• There can be up to 7 devices on the same chain. Any break or bad peripheral in the daisy chain brings down all other devices after the bad device.
  • Daisy chain is a rigid topology, making it hard to make changes or accommodate moves.

UTP (Unshielded Twisted Pair) Cabling

The alternative to installing Twinax cable is to use unshielded twisted pair (UTP) cable. Unshielded twisted pair is already being used by most customers in their LAN applications, it is readily available, inexpensive and easy to install.

Advantages of UTP:

  • UTP cabling offers migration to LAN without re-cabling, since the same cable is used for both LAN and AS400.
  • Changes in configuration are simple, making it easy to accommodate moves.
  • Overall wiring costs are reduced
    • UTP wiring is more economical than twinax
    • It is less expensive to re-configure as user locations change
    • It is less expensive to install

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Migrating to Twisted Pair

Star hubs and Twinax to RJ11/RJ45 baluns are used when migrating your current Twinax infrastructure to twisted pair. The maximum distance to each device will be much shorter than Twinax unless a star hub is used.

Devices should be connected in a star topology. Each device is on a dedicated cable, offering complete isolation from other devices.

A powered star hub (also known as a power panel) is recommended between the AS400 and the devices. This hub conditions the signal for optimum performance and reliability and greatly increases the distance to each device (2500 to 3000 feet, depending on the brand). Star hubs also provide individual LED port diagnostics to assist in problem isolation. Star hubs come with either one Twinax or RJ11/RJ45 input port to every seven RJ11/RJ45 port outputs.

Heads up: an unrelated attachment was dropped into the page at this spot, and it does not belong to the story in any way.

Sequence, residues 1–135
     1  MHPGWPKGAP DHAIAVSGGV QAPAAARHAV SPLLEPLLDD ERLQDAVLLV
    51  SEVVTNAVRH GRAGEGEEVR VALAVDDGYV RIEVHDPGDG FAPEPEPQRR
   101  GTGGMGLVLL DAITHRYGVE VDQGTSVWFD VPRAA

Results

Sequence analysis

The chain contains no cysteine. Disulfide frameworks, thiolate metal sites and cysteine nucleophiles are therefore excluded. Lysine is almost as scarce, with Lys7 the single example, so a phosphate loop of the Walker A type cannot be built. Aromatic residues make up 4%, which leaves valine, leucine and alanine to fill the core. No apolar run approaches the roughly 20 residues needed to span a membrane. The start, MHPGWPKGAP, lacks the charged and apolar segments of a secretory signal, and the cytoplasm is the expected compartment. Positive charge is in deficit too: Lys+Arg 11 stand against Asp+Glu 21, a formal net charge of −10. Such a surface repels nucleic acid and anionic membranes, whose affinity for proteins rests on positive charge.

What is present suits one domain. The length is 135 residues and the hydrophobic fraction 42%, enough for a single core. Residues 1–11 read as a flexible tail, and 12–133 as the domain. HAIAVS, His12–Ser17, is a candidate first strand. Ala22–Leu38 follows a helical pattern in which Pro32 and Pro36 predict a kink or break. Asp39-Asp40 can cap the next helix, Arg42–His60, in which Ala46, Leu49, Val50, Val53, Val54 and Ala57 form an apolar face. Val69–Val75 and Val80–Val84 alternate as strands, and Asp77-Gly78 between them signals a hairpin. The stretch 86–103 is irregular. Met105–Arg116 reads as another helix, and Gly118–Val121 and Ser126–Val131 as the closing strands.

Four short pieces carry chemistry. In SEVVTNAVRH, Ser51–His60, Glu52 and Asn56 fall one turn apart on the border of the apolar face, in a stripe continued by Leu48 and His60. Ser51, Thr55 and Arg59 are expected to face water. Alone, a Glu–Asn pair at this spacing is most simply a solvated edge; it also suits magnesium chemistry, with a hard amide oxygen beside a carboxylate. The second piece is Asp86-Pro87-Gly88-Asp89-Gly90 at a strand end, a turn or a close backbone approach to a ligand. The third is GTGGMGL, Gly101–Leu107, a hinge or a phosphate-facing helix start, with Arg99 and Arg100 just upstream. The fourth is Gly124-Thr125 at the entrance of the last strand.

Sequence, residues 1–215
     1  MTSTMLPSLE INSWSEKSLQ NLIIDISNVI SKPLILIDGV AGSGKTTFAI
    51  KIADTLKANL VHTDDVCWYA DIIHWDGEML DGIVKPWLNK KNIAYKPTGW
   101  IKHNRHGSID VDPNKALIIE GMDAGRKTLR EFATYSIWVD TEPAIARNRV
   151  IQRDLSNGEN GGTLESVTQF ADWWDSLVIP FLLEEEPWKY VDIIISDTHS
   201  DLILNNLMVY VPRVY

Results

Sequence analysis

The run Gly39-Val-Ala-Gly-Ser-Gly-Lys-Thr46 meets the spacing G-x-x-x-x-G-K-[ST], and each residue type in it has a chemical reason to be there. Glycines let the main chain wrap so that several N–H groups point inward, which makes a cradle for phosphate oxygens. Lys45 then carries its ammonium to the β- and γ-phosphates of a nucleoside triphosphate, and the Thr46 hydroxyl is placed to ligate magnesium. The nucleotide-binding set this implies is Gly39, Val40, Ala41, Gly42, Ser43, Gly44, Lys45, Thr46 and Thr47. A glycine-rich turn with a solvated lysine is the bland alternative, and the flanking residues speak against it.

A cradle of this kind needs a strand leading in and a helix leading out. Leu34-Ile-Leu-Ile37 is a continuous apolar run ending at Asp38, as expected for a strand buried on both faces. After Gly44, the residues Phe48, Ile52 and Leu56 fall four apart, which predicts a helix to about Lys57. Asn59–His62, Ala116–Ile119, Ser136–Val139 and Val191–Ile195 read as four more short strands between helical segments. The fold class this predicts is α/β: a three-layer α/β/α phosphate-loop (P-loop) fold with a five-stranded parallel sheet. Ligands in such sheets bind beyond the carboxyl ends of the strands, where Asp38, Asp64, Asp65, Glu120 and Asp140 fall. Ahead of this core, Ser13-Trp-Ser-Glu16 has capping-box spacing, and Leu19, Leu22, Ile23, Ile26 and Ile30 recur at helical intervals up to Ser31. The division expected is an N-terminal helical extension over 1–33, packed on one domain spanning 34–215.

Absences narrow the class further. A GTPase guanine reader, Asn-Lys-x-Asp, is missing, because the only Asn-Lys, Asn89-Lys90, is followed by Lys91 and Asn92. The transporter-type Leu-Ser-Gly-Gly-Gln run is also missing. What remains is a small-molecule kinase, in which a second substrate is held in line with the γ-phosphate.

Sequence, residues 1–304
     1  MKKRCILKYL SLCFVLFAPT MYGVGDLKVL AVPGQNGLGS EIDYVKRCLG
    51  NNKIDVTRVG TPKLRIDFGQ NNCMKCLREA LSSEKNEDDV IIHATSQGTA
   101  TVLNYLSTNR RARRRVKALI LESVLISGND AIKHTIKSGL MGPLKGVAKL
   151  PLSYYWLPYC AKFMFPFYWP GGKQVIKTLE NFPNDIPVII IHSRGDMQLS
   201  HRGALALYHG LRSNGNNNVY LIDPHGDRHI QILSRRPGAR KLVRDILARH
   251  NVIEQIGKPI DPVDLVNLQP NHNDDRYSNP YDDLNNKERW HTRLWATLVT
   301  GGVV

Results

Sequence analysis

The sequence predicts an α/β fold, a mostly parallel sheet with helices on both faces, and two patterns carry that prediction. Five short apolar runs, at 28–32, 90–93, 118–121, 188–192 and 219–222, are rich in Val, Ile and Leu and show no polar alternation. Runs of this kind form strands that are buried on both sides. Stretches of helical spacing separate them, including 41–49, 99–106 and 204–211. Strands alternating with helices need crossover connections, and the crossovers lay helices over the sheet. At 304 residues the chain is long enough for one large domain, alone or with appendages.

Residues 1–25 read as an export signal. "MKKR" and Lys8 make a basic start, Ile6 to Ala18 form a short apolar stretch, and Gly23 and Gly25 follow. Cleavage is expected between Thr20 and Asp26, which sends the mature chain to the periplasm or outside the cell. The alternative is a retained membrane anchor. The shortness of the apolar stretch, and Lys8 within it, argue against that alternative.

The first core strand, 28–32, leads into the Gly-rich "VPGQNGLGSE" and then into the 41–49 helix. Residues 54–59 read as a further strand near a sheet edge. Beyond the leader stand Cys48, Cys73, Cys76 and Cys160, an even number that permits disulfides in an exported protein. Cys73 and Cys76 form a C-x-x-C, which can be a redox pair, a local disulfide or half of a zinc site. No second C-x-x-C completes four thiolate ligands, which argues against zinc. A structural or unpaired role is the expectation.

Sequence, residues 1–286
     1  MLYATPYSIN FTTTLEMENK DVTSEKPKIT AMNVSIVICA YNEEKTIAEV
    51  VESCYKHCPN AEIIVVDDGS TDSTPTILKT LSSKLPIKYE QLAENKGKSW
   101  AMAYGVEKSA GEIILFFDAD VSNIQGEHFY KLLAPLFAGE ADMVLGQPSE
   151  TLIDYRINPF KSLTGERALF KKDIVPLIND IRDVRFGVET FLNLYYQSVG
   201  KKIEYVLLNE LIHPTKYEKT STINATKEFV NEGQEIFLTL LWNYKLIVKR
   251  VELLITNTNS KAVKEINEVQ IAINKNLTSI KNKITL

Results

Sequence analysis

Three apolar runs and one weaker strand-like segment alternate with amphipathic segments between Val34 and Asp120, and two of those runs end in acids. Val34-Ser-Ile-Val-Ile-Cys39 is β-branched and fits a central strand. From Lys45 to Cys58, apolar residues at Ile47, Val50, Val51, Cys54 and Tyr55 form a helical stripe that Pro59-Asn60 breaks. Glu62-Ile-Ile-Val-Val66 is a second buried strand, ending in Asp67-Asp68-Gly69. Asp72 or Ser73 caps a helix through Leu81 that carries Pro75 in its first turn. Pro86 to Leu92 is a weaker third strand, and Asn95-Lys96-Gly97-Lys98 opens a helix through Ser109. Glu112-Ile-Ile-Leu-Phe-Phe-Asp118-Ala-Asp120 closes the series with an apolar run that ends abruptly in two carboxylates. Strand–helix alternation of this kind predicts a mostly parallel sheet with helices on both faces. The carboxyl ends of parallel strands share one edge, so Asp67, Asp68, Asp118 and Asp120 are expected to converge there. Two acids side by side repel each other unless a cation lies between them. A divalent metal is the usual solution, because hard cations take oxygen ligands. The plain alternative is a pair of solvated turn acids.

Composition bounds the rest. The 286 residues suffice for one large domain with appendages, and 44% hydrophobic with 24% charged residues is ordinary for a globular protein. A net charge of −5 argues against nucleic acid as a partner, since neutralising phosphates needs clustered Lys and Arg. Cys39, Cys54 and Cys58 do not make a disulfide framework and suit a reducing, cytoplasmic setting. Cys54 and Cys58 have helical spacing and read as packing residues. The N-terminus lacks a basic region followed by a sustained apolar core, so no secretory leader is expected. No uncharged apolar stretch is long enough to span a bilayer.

For more information on migrating from Twinax to Ethernet, call one of our cabling professionals.

Thin Clients

A thin client is a computer (client) which has little or no application logic, it depends primarily on the central Terminal Server for processing activities. Thin clients are an excellent alternative to terminals and PCs. They provide an excellent migration path from green screen terminals to Windows and web-based environments.

Thin clients significantly reduce IT expenses, while providing the same level of productivity and flexibility as PCs. In general, they are more secure and less expensive than PCs.

Basic Terminals

In basic thin clients, all application processing occurs on the server. There is no local processing and limited peripheral options. These are ideal for task-based or transaction-based users, and are often used as green screen replacements.

  • Low cost VT 100, 220, 5250 or 3270 hosted session terminal replacements
  • Low functionality
  • Very secure (no local processing)
  • Simple design, no moving parts
  • Support LCD flat screens and locally attached printers
  • Support USB peripherals
  • Remote management

Browser Terminals

Browser terminals (also referred to as robust thin clients) give you all the functionality of the basic thin client and add a local Window-like shell and browser software. This gives your user access to web based and terminal services hosted applications. Browser terminals are ideal for task based or transaction based users who need access to the web or web applications.

LOB Terminals (Line of Business Terminals)

LOB terminals (also referred to as flexible terminals) give you all the functionality of browser terminals and also enable local execution of limited applications (Xpe). These terminals give you the most PC-like flexibility, including options such as multiple USB ports, CD-Rom drives, PCI slots and internal expansion slots. Because of the added options and the ability to run some local applications, LOBs are the least secure of the thin clients.

Thin Twinax Terminals

For Twinax users who know they will soon be migrating to to ethernet topology, a Twinax/ethernet hybrid terminal is the ideal solution. A thin Twinax terminal gives you Twinax capabilities, and migrates you to a thin client terminal as soon as you are ready to make the move.

Wireless Tablets

Using the latest in Wi-Fi technology, wireless tablets are portable Windows-based thin clients which provide access to web-enabled applications, Windows Terminal Services, Citrix Servers, IBM Midrange and Mainframe computers and UNIX/Linux hosts. Wireless tablets provide mobile connectivity ideal for many environments, including healthcare, manufacturing, distribution and warehousing.

Get Connected Today!

System ID offers a full line of internet clients suitable for your business environment. Call one of our thin client experts to discuss your application needs.